• When was Hatch founded?

    Hatch was founded in 2012.

  • Where is Hatch's headquarters?

    Hatch's headquarters is located at 3525 Alameda De Las Pulgas, Menlo Park.

  • What is Hatch's latest funding round?

    Hatch's latest funding round is Unattributed VC.

  • How much did Hatch raise?

    Hatch raised a total of $7.25M.

  • Who are the investors of Hatch?

    Investors of Hatch include Amazon Alexa Fund, Chris Sacca, Lowercase Capital, H. Barton Asset Management, True Ventures and 5 more.

  • Who are Hatch's competitors?

    Competitors of Hatch include Owlet Baby Care and 3 more.

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Little Hippo

Little Hippo is the designer of electronic and internet-connected children's products. Their first product, MELLA, is an all-in-one kid's clock and sleep trainer designed to help children sleep and stay in bed longer.

First Ascent

First Ascent is a BabyTech company that develops AI solutions to support childcare. The company's solutions include Papaikuji, a mobile platform that allows parents to record and monitor their baby's health, and CryAnalyzer, a hardware device that analyzes a baby's cry.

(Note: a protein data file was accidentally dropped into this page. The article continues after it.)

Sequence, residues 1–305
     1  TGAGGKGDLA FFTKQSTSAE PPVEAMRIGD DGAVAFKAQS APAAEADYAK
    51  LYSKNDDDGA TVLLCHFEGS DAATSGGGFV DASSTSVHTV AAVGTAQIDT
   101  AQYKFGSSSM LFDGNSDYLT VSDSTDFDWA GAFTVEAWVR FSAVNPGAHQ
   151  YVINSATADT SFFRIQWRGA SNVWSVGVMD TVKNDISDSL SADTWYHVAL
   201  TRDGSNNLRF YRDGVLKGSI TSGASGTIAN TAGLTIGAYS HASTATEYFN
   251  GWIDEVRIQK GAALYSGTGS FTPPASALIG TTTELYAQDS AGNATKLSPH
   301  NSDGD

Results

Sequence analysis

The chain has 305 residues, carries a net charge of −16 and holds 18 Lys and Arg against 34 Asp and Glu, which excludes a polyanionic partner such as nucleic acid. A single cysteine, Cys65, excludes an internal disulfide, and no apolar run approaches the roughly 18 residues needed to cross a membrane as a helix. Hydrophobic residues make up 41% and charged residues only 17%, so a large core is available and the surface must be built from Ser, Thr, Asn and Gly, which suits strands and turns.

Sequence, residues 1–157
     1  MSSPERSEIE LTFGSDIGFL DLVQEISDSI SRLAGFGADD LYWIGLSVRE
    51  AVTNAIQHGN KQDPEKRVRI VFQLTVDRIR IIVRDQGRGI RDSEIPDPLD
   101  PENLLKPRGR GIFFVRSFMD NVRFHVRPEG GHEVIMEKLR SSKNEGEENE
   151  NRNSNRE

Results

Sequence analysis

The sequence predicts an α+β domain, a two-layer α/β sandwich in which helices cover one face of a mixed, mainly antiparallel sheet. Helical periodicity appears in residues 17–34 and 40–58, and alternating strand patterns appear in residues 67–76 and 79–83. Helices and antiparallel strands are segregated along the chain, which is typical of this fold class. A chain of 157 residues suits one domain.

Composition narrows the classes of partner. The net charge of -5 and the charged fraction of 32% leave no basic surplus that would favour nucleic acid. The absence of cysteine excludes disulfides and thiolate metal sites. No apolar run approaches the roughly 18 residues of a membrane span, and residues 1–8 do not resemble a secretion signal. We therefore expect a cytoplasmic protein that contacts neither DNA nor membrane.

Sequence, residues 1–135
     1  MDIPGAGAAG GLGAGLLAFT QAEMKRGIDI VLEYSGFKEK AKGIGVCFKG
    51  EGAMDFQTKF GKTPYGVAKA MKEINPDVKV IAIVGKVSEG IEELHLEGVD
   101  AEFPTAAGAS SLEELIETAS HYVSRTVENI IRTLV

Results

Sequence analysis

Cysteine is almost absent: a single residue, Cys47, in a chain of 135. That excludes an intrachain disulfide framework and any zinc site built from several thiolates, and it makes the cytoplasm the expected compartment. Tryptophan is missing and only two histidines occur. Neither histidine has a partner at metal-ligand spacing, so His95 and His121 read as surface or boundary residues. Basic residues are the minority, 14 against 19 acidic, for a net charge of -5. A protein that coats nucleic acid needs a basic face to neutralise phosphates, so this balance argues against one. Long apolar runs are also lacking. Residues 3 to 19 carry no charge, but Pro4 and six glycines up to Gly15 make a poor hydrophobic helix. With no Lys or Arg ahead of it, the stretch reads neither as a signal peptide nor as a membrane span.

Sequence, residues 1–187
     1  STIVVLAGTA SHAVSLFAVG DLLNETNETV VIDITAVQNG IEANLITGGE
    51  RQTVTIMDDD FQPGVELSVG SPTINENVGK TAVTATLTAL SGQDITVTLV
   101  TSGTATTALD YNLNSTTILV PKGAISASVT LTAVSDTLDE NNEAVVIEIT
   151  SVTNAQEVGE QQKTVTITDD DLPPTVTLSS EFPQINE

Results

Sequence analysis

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Marani Health

Marani Health creates wearable, digital products aimed at empowering women to understand their health and improve fetal and maternal outcomes. The company's first products are wearable, washable garments with electrocardiogram (ECG) technology, enabled with artificial intelligence (AI) designed to monitor the mother and fetus during pregnancy and labor/delivery. It was founded in 2018 and is based in Oakdale, Minnesota.

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GOGO BAND is a biotechnology start-up focused on a non-invasive biometric, wearable solution that cures chronic pediatric health conditions. It offers a wearable band that helps children monitor their bedwetting occurences and train themselves o recognize nocturnal bladder fullness.